2017 Sport Canada Research Initiative Conference (Knowledge Transfer Summary)
Investigators: Hope Bilinski, University of Saskatchewan; Tara-Leigh McHugh, University of Alberta; Ulrich Teucher, University of Saskatchewan
SCRI Conference presentation video.
The purpose of the study was to engage rural preadolescent children in the development of research questions that are relevant and meaningful to exploring their participation and commitment to sport and other recreational activities. The three objectives were 1) To understand the children’s experience in participation of sport, 2) To discover from the children’s perspective, factors that should be incorporated into future research, and 3) To discover the most appropriate methods for engaging children in the research processes.
Methods used in this qualitative study were focus group interviews with preadolescent children in two rural communities in Saskatchewan. Researchers worked with a small group of children from both communities to develop the interview questions for the study. Once the interview guide was developed, focus groups were conducted with groups of 6 to 8 children in each community. Following the analysis of the data, researchers returned to the communities to meet with the children to confirm the findings.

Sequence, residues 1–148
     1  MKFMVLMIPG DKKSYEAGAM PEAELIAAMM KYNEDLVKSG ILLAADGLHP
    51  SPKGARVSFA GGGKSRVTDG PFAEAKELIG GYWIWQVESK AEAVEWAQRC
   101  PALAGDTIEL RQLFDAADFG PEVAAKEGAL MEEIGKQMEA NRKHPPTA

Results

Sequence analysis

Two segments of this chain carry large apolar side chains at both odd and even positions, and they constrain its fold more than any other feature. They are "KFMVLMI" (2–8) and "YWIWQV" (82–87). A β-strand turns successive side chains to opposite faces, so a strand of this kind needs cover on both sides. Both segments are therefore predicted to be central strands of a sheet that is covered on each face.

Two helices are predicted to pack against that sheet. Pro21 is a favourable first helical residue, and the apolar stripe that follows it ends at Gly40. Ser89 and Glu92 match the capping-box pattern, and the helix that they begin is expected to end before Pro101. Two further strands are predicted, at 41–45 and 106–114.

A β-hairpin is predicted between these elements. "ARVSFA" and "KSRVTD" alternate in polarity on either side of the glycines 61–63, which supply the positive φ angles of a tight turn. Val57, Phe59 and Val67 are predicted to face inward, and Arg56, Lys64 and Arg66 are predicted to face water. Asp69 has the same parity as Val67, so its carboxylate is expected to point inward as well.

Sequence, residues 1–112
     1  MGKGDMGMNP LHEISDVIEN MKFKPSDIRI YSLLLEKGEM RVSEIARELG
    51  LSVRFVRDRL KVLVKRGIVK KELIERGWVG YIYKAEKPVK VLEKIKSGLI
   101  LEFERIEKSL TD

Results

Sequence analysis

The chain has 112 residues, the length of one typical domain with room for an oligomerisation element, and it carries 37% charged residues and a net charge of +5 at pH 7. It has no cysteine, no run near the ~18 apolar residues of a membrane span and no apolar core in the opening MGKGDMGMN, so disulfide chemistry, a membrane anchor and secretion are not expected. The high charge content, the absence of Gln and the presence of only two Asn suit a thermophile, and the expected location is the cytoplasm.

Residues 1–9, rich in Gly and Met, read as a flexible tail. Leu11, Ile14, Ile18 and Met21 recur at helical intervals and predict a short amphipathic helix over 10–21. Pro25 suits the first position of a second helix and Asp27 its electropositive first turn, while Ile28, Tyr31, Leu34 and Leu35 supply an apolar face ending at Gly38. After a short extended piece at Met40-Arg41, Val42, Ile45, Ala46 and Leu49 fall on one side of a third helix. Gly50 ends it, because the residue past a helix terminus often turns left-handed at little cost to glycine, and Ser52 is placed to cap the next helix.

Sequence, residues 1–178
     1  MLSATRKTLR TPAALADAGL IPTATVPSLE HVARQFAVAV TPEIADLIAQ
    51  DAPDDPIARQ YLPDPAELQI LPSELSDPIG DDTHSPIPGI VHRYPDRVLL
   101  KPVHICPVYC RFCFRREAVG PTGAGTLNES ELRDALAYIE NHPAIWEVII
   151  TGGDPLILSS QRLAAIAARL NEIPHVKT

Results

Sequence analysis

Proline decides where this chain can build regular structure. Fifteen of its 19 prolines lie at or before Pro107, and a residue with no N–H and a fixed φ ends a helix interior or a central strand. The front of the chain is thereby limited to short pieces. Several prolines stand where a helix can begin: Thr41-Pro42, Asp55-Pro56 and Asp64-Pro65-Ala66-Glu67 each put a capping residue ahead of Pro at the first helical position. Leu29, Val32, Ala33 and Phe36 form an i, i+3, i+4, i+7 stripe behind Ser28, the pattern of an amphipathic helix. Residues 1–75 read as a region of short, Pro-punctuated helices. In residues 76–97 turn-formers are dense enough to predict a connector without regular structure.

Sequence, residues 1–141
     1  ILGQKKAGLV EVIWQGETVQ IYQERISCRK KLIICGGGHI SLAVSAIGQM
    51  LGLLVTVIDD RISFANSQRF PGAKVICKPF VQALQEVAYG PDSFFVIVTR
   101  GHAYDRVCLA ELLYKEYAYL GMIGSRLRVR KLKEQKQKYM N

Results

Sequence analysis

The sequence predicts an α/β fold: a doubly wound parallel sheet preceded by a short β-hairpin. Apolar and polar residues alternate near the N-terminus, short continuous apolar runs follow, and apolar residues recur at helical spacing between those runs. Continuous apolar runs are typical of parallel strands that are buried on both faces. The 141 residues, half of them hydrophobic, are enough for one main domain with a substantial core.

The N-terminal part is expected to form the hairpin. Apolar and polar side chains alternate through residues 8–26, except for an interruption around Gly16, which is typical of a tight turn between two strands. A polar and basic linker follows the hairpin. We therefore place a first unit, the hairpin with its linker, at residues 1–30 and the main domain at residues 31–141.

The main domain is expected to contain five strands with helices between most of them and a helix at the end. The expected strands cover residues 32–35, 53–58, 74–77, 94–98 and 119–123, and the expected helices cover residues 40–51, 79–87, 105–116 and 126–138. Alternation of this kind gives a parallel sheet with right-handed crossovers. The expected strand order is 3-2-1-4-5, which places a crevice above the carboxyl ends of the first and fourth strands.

The children in this study were active and productive participants in the development of the data collection tool and in providing valuable data about their experiences in sport participation.
Children identified the following four areas that are important to explore: 1) motivation for participation, 2) feelings relating to participation, 3) the balance between sport participation and other aspects of their lives, and 4) the pathway to participation. In each area children expanded on further aspects to explore. In motivation, children suggested exploring enjoyment, health benefits, the challenge of the activity, and the social aspect. In the feelings component children suggested exploring feelings generated by external (people, social media, pets, and the rural environment) and internal influences. (personality and confidence, skills, and abilities). An exploration of the “right” balance between sport participation and other aspects of life, such as family and personal time was considered important. The last component related to the path to p articipation or what steps children take that ultimately result in participation.